There are many reasons why it’s hard to find your creative voice – exhaustion, lack of time and self-doubt for starters – but the reason I want to dismiss today, once and for all, is the desire to be original.
Dear creative heart, please hear me: Original is a mirage. It’s a boondoggle, a red herring, a lie. It’s one of the critic’s insidious ways to turn you to stone. The critic hisses, “But your work looks just like _______. Why can’t you be more original? Maybe this creative thing is just not for you.”
Instead, consider what author C.S. Lewis’ said, “Even in literature and art, no man [sic] who bothers about originality will ever be original: whereas if you simply try to tell the truth (without caring twopence how often it has been told before) you will, nine times out of ten, become original without ever having noticed it.”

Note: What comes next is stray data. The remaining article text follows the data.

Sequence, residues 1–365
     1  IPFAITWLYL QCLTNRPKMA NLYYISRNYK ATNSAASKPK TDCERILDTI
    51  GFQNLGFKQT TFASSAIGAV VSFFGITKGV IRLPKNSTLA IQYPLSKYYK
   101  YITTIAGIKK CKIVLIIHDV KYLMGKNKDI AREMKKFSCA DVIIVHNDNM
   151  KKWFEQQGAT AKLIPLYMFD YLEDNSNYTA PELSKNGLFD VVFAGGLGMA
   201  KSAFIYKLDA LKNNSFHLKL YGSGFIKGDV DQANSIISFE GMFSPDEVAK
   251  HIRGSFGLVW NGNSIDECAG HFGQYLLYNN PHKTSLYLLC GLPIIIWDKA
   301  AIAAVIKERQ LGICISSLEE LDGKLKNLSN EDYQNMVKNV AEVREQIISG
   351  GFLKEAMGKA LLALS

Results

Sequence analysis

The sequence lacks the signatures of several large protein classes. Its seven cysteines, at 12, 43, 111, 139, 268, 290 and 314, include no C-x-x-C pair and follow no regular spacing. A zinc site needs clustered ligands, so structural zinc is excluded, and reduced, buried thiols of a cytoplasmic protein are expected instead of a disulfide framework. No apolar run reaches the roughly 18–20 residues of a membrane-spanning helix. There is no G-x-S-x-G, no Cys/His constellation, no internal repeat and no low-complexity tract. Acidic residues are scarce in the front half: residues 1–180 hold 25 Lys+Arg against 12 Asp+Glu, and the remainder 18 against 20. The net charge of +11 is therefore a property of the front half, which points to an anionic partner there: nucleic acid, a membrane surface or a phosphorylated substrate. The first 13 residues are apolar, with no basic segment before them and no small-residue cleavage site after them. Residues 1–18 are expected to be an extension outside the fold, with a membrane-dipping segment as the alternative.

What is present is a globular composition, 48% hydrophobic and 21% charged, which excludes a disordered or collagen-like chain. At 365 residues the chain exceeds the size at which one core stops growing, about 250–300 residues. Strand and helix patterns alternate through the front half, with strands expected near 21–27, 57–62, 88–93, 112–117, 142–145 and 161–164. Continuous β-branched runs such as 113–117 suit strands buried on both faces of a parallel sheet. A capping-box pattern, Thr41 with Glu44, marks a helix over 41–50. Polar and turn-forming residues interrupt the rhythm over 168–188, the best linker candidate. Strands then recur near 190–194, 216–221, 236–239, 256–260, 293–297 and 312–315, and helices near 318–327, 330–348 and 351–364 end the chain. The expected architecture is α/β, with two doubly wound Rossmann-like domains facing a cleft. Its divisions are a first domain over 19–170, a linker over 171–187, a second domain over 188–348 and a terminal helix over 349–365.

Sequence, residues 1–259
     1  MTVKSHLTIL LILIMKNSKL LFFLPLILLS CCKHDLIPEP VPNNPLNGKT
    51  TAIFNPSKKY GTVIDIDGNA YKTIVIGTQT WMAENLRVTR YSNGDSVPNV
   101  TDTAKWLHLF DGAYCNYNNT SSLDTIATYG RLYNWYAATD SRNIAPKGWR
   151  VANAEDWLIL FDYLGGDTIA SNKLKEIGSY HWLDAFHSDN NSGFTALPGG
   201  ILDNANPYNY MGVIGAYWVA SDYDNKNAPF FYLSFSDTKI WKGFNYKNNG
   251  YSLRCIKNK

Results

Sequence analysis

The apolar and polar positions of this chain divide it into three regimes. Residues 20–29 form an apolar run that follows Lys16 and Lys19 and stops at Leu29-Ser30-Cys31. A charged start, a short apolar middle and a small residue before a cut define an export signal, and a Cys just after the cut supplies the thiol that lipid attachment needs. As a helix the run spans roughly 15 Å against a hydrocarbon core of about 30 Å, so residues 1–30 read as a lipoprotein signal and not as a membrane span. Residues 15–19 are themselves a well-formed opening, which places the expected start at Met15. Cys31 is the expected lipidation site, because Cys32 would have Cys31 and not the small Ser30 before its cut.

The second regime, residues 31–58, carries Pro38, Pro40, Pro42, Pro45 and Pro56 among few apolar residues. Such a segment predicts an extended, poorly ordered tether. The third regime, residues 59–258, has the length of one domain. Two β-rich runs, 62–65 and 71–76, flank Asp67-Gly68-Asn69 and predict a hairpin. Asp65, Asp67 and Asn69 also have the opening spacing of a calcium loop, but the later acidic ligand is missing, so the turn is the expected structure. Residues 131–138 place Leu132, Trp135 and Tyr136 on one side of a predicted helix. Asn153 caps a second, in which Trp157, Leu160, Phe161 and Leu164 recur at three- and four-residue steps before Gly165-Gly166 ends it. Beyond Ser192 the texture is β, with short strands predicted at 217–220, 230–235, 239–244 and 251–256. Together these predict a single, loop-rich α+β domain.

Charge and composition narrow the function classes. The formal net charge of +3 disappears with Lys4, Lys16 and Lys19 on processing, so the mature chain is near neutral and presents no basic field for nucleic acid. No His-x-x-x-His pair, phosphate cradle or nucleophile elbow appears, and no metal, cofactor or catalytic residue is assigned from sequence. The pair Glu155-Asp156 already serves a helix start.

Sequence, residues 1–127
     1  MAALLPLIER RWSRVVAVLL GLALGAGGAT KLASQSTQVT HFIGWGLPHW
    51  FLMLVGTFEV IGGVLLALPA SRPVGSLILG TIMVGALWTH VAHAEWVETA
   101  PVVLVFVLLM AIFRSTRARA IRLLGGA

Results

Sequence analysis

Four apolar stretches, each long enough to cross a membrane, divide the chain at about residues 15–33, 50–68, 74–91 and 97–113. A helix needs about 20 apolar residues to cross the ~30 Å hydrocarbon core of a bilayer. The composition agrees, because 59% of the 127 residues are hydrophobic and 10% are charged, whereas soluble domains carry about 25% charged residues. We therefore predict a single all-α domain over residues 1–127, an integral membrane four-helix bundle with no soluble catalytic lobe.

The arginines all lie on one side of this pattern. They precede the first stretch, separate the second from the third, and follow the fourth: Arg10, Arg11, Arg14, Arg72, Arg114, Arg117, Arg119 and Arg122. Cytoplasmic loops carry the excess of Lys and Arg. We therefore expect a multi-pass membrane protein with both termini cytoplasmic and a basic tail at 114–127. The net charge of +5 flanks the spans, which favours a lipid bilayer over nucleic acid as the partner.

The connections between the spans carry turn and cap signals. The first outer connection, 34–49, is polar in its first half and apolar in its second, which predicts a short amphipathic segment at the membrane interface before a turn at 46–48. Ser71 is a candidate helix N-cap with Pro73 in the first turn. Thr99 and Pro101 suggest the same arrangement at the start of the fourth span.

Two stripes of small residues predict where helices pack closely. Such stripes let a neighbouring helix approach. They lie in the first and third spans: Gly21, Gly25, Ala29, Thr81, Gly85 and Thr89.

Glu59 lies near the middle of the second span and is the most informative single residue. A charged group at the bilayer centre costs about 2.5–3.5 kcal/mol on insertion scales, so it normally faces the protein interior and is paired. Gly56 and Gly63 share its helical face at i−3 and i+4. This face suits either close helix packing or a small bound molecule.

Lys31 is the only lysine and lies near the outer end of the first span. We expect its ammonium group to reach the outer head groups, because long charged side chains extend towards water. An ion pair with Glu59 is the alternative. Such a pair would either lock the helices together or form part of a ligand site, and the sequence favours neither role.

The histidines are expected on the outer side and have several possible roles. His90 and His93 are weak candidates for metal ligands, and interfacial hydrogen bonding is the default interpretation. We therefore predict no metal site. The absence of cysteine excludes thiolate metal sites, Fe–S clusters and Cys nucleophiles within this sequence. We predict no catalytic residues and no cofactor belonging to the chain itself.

Our creative voice takes shape each time you trust and express your truth in your work. Each time you move toward what feels true, grounded, real, honest for you in the moment of creating.
That’s your job as a creative. Express truth.
You already know how to do this; it’s why you choose one angle over another or dinker with a phrase until it “feels” right.
First and foremost, be an artist of self-compassion. The reason why so many people are afraid to create is they know how hard it is. You will spend a lot of time being frustrated. Don’t add beating yourself up. If you do, you will lose the connection to your voice.
Get used to living in the “gap” between what you want to create and what actually comes out. This gap is where artists live. Learn to love it.
Swap True for original, Jen Louden